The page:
Found 6 comments on HN
pdfernhout · 2018-06-23 · Original thread
Thanks for the reply and the list of professions -- make sense.

Although at least for police, there are some issues of their typical training creating excessive false positives when interrogating suspects -- as discussed in a chapter of this book: "Mistakes Were Made (But Not by Me): Why We Justify Foolish Beliefs, Bad Decisions, and Hurtful Acts -- 2007 -- by Carol Tavris and Elliot Aronson"

Musk is apparently interested in dealing with information overload of questionable media with his new crowd-sourced "Pravduh" idea -- so we'll see how that effort pans out.

Some more criticism of that is here: "For a consumer-run media to work, mass participation is necessary. This isn’t unfeasible with the internet being so widely available. However, the quality of that participation is also important. If just anyone—troublemaker or pure hearted—can rate the news and influence the opinions of other readers, the problem of fake news is only likely to be exacerbated. Truth is not defined through consensus. There is an abundance of examples of popular opinion being incorrect. And personal biases will certainly decide how people rate what they read. Disagree with the conclusion of an article? Downvote. Didn’t read the whole article but were offended by a particular line? Downvote. Already hate Fox News? Downvote. A culture which decides truth by way of numbers is flawed. Not everyone, and perhaps no-one, is capable of setting aside their political prejudices to make an informed critical decision on a piece of political writing. Perhaps the more polarizing and obvious forms of fake media will be suppressed by Pravda, but at what cost? ... Pravda assumes the role of government in the age of totalitarianism—control over the media. Those who administer the website will have to decide which ratings are worthwhile and which are useless. But who will these regulators be? ..."

It's a tough challenge. And one that will likely be solved by some mix of meshwork, hierarchy, and interfaces (see Manuela De Landa) as I mention here:

Robert Steele, ex-CIA Analyst and champion of "Open Source Intelligence" also has a lot to say on the general issue across what he calls "the seven tribes of intelligence": "This site does NOT advocate political action or any specific policy, but rather seeks to empower the public with sources and methods of what has been called in modern times Open Source Intelligence (OSINT), so that our Collective Intelligence can be applied with structured ethical diligence to produce public wisdom in the public interest. This is the heart of what is called Reflexive Practice–Professional Thinking for a Turbulent World. Since the new book, THE OPEN SOURCE EVERYTHING MANIFESTO: Transparency, Truth, & Trust was published in 2012, we have morphed into being a proponent for Open Source Everything combined with True Cost Economics and Holistic Analytics. The PUBLIC is the political body–this site seeks to serve the public by nurturing public intelligence in the public interest. We intend to help the public to eliminate information asymmetries and data pathologies, and end the rule of secrecy. We support the Collective Intelligence of the public in such as way as to create a direct democracy, collaborative economics, and a prosperous world at peace."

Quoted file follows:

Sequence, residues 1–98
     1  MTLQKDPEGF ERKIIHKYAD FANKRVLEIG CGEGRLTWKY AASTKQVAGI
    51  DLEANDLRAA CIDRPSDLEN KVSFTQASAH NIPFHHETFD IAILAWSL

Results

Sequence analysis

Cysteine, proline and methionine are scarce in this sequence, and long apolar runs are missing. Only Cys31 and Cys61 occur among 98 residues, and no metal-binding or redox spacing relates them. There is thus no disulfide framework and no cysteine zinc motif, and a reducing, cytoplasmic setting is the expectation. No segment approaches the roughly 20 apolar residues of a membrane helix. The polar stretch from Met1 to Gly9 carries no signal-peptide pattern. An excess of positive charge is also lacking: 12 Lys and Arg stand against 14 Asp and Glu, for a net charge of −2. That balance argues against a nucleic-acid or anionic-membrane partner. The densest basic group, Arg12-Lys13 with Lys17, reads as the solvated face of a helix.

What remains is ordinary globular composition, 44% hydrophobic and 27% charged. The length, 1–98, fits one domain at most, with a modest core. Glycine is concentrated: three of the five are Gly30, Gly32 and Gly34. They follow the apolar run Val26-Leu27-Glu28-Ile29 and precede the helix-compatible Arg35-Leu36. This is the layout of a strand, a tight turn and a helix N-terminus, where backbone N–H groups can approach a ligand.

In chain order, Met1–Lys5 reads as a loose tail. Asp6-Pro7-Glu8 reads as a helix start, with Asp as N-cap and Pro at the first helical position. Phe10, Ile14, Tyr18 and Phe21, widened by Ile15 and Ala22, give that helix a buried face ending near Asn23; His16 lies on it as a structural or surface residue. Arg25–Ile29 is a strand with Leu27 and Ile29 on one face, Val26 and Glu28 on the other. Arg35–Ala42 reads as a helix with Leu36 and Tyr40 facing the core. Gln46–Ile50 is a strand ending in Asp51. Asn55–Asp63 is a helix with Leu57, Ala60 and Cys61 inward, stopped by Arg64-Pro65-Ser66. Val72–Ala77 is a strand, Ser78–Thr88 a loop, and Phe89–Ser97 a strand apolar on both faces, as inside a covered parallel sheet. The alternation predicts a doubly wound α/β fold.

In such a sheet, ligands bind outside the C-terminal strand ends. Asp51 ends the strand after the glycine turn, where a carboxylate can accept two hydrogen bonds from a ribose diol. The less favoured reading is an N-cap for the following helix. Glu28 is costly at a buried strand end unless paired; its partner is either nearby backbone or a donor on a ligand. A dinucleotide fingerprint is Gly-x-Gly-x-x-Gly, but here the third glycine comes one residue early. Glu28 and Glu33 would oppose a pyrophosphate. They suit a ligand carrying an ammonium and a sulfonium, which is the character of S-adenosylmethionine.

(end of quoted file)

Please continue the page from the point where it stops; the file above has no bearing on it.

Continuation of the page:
js8 · 2017-08-15 · Original thread
That's true. But humans can't have it both ways. If you obfuscate the language, you are at risk of someone not understanding it and taking it literally. And then a hypocrisy can be revealed.

In one of the previous discussions, I linked to Charta 77. These guys did the same thing - they took the Czechoslovak government for the word that it respects human rights, because it was a signatory of some human rights agreements. They were persecuted.

The same problem you have with tenure. You are saying professors are protected with tenure, but are they really? Unless someone tests the boundaries, then you don't know if it really protects you. So assuming tenure will protect you is, likewise, a dangerous assumption.

Addendum: I would also like to point out this excellent book: That's why Google cannot change its mind even if it wanted to, sadly.

js2 · 2015-07-02 · Original thread
For a more extensive version of this article, see "Mistakes Were Made (But Not by Me)":

This is how they deal with their cognitive dissonance.

x0ner · 2010-12-13 · Original thread
I have found psychology books to be rather interesting in understanding social engineering.

..You get the idea.

dangoldin · 2008-06-27 · Original thread
If you were interested in this, there's a pretty good book that goes into more detail and provides a lot of anecdotes:

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